His act of valour enabled his patrol to break-in to the enemy position and to lift the weight of fire from the remainder of the troop who had been pinned down by the machine gun fire. On seizing the fortified gun position, Corporal Roberts Smith then took the initiative again and continued to assault enemy positions in depth during which he and another patrol member engaged and killed further enemy. His acts of selfless valour directly enabled his troop to go on and clear the village of Tizak of Taliban. This decisive engagement subsequently caused the remainder of the Taliban in Shah Woli Kot District to retreat from the area


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Reginald Renagi

I commend spotter Bob Lawrence for bringing to the readers of 'PNG Attitude' this Aussie war hero's story.

The added comments by Max Hayes are well-noted about Cpl Ben Roberts-Smith's grandfather's role in frontier TP&NG during the pre-Independence era.

The heroic actions by Ben is an indication of the professionalism of Australia's SAS units in foreign deployments in recent years.

This feel-good story just makes me admire more what my own nephew who is also around Ben's age and a fellow Aussie SAS trooper.

Some years ago, he was posted to the PNG Defence Force Training School at the Goldie River Barracks outside Port Moresby for three years.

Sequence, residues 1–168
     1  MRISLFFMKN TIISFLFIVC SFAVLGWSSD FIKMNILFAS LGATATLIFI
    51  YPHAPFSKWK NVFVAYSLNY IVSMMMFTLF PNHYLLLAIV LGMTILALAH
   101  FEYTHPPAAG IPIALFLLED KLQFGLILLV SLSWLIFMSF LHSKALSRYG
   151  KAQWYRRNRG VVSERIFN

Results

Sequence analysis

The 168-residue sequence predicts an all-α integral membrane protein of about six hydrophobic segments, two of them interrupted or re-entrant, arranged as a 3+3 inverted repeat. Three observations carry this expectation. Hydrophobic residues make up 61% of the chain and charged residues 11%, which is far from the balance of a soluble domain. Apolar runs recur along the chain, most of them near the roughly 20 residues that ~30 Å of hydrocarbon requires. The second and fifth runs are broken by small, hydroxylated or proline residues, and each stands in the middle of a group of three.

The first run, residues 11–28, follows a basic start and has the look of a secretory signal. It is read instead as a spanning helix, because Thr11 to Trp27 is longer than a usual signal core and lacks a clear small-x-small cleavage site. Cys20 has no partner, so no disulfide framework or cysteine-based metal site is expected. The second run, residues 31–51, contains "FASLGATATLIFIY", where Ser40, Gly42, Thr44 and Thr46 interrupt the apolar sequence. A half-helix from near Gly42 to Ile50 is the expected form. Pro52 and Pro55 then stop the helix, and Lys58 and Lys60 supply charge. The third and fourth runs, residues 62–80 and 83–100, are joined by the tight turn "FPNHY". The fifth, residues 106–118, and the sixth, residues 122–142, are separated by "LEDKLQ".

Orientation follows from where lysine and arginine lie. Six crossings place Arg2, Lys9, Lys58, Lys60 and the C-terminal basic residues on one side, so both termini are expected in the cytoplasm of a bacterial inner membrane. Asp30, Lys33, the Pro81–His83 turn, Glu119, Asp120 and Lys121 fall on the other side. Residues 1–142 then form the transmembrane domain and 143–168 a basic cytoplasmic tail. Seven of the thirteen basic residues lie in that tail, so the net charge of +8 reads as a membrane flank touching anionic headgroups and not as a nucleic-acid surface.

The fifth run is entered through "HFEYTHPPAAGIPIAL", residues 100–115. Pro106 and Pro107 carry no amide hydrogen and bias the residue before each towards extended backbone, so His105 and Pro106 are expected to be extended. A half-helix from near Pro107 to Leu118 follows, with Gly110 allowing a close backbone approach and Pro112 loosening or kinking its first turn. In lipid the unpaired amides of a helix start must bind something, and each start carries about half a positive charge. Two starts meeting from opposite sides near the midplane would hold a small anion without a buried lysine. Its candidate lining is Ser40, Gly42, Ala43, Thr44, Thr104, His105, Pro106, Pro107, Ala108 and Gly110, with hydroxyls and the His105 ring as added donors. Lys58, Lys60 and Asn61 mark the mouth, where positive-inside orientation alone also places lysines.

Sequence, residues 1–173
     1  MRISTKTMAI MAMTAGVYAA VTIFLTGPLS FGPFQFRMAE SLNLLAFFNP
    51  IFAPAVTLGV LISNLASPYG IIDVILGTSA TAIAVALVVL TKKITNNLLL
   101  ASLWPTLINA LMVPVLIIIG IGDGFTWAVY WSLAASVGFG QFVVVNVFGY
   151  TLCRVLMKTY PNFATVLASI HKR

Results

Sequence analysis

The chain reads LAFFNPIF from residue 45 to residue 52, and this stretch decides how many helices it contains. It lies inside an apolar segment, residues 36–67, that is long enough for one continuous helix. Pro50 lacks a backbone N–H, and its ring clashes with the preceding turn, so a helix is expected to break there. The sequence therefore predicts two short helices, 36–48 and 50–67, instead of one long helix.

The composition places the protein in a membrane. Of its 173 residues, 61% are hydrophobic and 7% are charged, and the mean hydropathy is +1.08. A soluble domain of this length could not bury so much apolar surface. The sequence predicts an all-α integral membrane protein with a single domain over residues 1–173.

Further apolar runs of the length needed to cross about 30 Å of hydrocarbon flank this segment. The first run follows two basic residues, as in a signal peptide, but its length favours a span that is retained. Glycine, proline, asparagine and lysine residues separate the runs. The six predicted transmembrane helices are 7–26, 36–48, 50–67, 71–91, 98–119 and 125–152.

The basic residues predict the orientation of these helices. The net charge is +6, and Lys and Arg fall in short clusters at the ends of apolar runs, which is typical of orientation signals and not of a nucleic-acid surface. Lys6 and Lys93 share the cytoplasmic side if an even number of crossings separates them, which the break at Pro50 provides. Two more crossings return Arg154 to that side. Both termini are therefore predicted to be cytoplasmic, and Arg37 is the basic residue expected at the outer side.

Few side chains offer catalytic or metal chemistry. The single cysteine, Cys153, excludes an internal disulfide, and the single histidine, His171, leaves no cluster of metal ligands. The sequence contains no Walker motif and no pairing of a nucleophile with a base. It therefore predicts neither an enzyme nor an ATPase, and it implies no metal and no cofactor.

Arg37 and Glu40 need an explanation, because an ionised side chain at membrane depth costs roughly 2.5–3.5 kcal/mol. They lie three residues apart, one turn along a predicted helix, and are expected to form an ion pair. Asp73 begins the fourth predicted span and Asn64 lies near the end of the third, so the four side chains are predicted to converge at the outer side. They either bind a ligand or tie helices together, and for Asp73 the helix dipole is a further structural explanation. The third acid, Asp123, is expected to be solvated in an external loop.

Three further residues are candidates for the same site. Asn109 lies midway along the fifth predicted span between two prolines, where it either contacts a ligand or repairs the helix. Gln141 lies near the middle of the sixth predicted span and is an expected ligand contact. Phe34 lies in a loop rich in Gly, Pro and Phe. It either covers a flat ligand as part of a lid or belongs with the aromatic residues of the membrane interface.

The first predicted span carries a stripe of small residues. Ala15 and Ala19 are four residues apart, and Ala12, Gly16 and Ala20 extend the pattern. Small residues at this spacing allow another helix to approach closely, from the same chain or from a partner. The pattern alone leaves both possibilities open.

When hostilities broke out in the Middle-East and Australia joined the US Coalition forces to deploy to Iraq, my SAS trooper nephew was immediately recalled back to Australia within two weeks notice to move.

My SAS nephew is also my own local hero (like his then 19 year-old PIB grandfather many years ago on the Kokoda trek during WW2).

He was one of the first SAS units to go deep inside Iraq, and later into Afghanistan on special operations a few times before returning to Australia for family reunion stints.

Max Hayes

You are well aware of the recent award of the Victoria Cross to Cpl Ben Roberts-Smith of the SAS for his gallantry in Afghanistan.

There has been much publicity of his father, Major General Len Roberts-Smith RFD QC, recently a Judge Advocate General for the Defence Forces, but nothing on Ben's grandfather who also had a meritorious career as a senior commissioned police officer in Papua New Guinea and with whom I worked, as one of his junior officers, for some years.

Brian John Holloway CBE (also MBE) QPM (Queen's Police Medal) and Police Long Service & Good Conduct Medal, was the last expatriate Australian Police Commissioner of the Royal Papua New Guinea Constabulary when PNG Independence was proclaimed in 1975.

His courage, demonstrated over many years in the various internal tribal problems, was in large part the result of the peaceful transition to Papua New Guinea Independence. He served in the RPNGC between 1948 and 1975.

In an effort to establish that Ben also had a meritorious grandfather, I circulated this information widely amongst my colleagues, the press and various RSL sub branches.

As a result of this, I was invited to a select gathering of former SAS held at the Kelvin Club on Tuesday 8 February. It was a real honour to be invited and meet Ben, who towers over me.

David Hughes

Congratulations on a job well done.

David Hughes
Vice Chairman
South Wales Branch
Western Front Association